Transgenerational effects of binge drinking in a primate model Implications for human health

Binge drinking affects the developmental potential and gene expression of oocytes. The incidence of binge drinking in women, and its biological effects in primates, indicate an important public health concern.


Catherine A. VandeVoort, Ph.D., Kristin N. Grimsrud, D.V.M., Ph.D., Uros Midic, Ph.D., Namdori Mtango, Ph.D., Keith E. Latham, Ph.D.

Volume 103, Issue 2, Pages 560-569



To determine if binge ethanol consumption before ovulation affects oocyte quality, gene expression, and subsequent embryo development.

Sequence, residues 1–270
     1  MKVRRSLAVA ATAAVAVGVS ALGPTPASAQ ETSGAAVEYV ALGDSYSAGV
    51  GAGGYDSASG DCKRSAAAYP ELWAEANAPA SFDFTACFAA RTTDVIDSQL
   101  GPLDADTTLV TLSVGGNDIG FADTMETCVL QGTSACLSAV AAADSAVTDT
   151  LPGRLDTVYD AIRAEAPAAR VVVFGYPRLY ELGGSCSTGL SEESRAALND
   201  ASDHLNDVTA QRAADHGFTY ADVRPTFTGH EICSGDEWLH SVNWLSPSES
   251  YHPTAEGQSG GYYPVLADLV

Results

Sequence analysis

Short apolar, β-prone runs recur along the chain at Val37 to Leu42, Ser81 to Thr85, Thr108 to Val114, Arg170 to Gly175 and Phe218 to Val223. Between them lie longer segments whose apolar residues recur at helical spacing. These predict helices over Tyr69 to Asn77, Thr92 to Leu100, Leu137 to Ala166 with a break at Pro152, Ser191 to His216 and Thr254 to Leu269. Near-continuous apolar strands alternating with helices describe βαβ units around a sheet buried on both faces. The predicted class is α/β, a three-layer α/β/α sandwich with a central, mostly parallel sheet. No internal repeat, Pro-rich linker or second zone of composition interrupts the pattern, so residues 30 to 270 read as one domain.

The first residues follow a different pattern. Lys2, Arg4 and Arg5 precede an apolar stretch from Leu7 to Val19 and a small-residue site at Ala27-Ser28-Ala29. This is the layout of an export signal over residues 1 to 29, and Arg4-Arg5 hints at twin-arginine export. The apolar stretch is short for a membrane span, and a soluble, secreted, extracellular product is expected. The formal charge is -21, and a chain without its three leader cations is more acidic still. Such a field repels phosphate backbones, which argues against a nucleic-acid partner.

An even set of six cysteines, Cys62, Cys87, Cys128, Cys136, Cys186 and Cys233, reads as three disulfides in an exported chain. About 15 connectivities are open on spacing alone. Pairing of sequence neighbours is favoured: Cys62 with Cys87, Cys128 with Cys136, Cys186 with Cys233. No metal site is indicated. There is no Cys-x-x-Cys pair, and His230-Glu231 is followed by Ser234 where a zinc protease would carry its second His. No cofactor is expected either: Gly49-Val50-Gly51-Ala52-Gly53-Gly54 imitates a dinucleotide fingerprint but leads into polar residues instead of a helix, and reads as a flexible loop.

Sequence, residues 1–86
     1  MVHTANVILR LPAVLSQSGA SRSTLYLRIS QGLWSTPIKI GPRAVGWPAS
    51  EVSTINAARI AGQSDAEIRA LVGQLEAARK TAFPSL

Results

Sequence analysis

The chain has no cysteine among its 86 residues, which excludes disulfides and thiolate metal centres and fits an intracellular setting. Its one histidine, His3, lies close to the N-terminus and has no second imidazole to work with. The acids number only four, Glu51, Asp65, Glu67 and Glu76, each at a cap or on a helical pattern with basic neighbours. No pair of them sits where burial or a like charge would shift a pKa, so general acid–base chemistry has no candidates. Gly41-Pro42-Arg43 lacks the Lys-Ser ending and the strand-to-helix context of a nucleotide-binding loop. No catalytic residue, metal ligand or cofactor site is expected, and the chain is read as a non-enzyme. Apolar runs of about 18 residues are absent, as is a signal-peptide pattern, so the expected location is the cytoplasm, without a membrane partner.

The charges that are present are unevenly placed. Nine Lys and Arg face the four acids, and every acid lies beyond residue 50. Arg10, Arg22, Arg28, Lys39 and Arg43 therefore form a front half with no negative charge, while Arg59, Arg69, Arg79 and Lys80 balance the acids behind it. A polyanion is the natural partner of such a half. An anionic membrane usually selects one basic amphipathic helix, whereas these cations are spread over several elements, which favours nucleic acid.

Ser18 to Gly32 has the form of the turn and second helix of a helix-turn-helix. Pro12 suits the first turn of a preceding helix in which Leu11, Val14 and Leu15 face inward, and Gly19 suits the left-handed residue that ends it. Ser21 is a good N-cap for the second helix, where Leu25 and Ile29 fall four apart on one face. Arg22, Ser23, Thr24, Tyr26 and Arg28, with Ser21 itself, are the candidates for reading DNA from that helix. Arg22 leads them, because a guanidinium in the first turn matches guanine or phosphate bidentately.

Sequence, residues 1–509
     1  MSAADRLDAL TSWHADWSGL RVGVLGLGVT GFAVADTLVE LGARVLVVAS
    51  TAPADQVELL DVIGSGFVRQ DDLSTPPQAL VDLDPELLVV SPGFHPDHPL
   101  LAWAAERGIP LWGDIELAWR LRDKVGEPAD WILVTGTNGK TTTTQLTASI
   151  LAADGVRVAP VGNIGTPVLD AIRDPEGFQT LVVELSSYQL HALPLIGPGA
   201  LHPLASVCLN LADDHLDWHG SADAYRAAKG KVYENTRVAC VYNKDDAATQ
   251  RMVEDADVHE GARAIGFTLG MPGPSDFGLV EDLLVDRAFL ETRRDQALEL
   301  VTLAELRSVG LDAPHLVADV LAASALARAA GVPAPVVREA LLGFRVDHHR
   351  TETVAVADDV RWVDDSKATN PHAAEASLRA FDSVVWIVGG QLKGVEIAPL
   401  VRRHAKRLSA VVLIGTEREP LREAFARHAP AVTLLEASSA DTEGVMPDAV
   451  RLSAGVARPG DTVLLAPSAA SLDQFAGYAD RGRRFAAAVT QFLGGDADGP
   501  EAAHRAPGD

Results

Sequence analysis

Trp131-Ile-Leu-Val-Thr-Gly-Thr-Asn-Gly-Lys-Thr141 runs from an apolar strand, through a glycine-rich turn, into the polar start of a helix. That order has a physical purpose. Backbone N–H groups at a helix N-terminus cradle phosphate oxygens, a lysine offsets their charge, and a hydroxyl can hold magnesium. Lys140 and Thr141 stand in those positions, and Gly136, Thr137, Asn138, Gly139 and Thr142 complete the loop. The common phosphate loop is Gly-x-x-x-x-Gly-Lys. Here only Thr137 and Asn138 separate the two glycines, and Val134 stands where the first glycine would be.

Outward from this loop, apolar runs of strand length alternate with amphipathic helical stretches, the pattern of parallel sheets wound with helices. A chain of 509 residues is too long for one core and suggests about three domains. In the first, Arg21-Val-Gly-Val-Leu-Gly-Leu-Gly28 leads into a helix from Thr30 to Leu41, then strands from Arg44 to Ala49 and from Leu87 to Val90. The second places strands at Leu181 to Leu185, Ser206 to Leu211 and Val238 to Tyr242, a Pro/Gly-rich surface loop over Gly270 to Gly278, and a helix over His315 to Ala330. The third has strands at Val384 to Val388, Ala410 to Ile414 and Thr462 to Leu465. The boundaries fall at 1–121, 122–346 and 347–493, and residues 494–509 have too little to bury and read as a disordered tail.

Binge levels of ethanol were given twice weekly for 6 months, followed by a standard in vitro fertilization cycle and subsequent natural mating.


National primate research center.


Adult female rhesus monkeys.


Binge levels of ethanol, given twice weekly for 6 months before a standard in vitro fertilization cycle with or without embryo culture. With in vivo development, ethanol treatment continued until pregnancy was identified.

Main Outcome Measure(s):

Oocyte and cumulus/granulosa cell gene expression, embryo development to blastocyst, and pregnancy rate.


Embryo development in vitro was reduced; changes were found in oocyte and cumulus cell gene expression; and spontaneous abortion during very early gestation increased.


This study provides evidence that binge drinking can affect the developmental potential of oocytes even after alcohol consumption has ceased.

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